As the co-sports director at MUTV, Marquette University’s student television station, I traveled to New York City for the Big East Tournament to cover the Marquette men’s basketball team during the university’s midterm week and the final week before spring break.
Planning for this trip began in November, when we booked our flights to depart on Monday. Since the seeds for the Big East Tournament are not revealed until the week before, we wanted to make sure we would be in New York, just in case Marquette faltered later in the season and had to play Tuesday.
While traveling, I learned two things: travel lightly and pack a bag that has wheels whenever possible. I packed a Vera Bradley duffel bag and “on-air” backpack, containing our camera equipment, notebook, pens, academic materials and various things I need while on location. The combination of these two made it difficult to carry everything, but I managed.
Marquette was fortunate. They were the second seed and did not play until Thursday, which pushed the team’s travel to Wednesday. Since we flew commercial, that left us with two full days in New York.
During my two days off, I was productive academically. I wrote two midterm papers, an article for my Digital Journalism II class, read the remainder of a novel for my literature class and edited audio for another class project.
In between my academic projects, I received another kind of education. As a New Jersey resident, I was used to navigating New York with my friends, but it is a whole new experience after spending six months in Milwaukee. I mastered the subway, went to see How to Succeed In Business Without Really Trying and even squeezed in a little shopping.
Marquette did falter in their first game. The Big East player of the year, Jae Crowder, went out at the 12-minute mark in the second half with four fouls. Junior Cadougan struggled to run the offense effectively. Head coach Buzz Williams took responsibility for the loss, saying it was his fault.
The whirlwind continued as I returned home to New Jersey for a night and found out Sunday morning where I would be heading for the NCAA tournament. I watched the selection show with a group of friends with my computer on my lap, hunting for the cheapest airfare I could find. When Marquette was sent to Louisville, I was as well for their second and third round games of the NCAA tournament.
Most students spent spring break learning about their alcohol tolerance or how many seasons of their favorite TV shows they can watch. I was dealing with balancing interviews in both a locker room and a media room, while compiling exclusive content that viewers in Milwaukee wanted to watch.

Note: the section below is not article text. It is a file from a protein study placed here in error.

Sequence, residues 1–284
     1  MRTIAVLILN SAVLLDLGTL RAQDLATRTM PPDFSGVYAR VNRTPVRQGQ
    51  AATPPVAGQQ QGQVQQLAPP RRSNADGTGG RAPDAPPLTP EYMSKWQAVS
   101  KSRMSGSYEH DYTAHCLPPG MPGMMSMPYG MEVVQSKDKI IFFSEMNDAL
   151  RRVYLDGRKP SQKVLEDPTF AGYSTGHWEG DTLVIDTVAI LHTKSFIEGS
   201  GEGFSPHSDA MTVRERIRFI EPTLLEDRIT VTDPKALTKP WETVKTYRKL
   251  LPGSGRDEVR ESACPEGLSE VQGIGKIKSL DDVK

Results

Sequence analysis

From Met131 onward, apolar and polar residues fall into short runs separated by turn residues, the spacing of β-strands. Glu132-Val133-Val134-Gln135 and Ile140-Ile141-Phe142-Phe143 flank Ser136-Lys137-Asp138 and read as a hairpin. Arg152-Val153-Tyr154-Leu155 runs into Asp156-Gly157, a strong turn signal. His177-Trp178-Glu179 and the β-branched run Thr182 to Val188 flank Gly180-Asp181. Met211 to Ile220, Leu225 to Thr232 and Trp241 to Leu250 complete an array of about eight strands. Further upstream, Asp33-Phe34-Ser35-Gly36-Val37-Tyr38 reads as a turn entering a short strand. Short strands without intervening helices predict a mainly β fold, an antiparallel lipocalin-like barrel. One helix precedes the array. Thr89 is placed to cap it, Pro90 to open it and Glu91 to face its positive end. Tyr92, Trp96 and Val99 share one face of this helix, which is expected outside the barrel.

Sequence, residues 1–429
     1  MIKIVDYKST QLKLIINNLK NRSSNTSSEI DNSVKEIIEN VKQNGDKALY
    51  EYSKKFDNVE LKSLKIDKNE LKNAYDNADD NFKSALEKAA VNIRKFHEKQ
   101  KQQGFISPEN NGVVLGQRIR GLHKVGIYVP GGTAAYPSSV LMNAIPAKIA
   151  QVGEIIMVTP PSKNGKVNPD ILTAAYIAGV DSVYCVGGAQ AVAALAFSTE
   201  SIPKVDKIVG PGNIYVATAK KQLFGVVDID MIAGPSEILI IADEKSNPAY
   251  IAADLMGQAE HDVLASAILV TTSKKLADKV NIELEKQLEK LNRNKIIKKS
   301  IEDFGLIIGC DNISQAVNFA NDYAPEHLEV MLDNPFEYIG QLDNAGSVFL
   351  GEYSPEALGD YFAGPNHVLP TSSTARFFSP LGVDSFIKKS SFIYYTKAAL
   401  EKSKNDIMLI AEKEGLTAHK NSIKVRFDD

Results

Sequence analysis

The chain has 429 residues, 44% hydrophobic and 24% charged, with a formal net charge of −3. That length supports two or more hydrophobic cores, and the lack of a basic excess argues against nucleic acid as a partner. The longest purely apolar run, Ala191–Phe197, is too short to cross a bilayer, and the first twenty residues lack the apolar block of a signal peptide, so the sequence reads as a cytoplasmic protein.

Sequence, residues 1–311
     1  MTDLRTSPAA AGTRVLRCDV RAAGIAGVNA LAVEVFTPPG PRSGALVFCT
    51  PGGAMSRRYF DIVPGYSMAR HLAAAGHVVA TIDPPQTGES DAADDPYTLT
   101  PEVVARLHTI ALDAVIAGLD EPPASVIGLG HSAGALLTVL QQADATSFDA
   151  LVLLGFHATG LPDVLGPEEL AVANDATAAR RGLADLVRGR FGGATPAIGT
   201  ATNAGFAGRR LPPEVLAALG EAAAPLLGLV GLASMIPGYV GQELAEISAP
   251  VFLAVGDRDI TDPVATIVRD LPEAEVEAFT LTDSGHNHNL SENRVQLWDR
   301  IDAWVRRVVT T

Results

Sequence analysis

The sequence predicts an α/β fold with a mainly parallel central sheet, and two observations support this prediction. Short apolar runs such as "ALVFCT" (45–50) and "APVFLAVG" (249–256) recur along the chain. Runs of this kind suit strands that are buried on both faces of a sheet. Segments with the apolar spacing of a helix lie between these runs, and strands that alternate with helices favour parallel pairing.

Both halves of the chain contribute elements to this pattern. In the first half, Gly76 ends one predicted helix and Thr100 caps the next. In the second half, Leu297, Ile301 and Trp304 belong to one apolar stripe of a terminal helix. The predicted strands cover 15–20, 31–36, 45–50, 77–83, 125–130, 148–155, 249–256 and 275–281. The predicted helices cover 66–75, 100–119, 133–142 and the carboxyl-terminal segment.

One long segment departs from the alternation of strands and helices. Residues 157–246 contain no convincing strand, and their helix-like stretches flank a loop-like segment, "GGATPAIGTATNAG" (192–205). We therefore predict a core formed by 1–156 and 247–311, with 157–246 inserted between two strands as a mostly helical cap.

TV is different than print or radio. With TV, you have to gather the video, audio and the b-roll to put together a story. Therefore, you have to be there for every press conference, every availability and every open practice. It is not possible to just get the quotes from a fellow journalist and write a story.
You cannot convey the pauses coaches make in print or the smile a player shows after a key win. This was made very clear to me, especially in the locker room.
If I take one thing from my experience in the locker room it is instant oatmeal. That’s Jamil Wilson’s nickname for Davante Gardner. Like instant oatmeal, Gardner is instant offense for the Golden Eagles, scoring when needed. I asked Wilson simply about alternating with Gardner on offense and defense. Wilson’s face lit up, plastering a huge enthusiastic smile all over his face and he began to gush about his teammate.
It was an exclusive look into the redshirt sophomore. That will never happen at a huge press conference or with a massive group of reporters huddled around a player in a locker room. His candor was due to the relationship that I had built with him.
A strong network of relationships is the foundation of the journalism industry. That was the greatest lesson I learned while away from class. Whether it be with a coach or a manager, it is crucial to maintain connections.
Players and coaches have to know who you are and your name. They have to see you working hard, asking good questions and making an effort to understand the game. Professionals in the industry have to see you asking questions that are pertinent and backed up by statistics or observations.
While on these road trips, I might have missed participation points, notes and in-class assignments. It was worth missing every moment, every PowerPoint slide and every potential point. I gained so much more than an A. The experiences at the NCAA tournament and the Big East tournament are invaluable to me.
I agree that academics are important and a high priority should be placed on them. At what point does professional and real world experience outweigh learning theories from a book?
Each time I raised my hand this week in class, I was expecting a microphone to be brought to ask a question. Then I remembered I was done asking the questions. I had to answer them instead.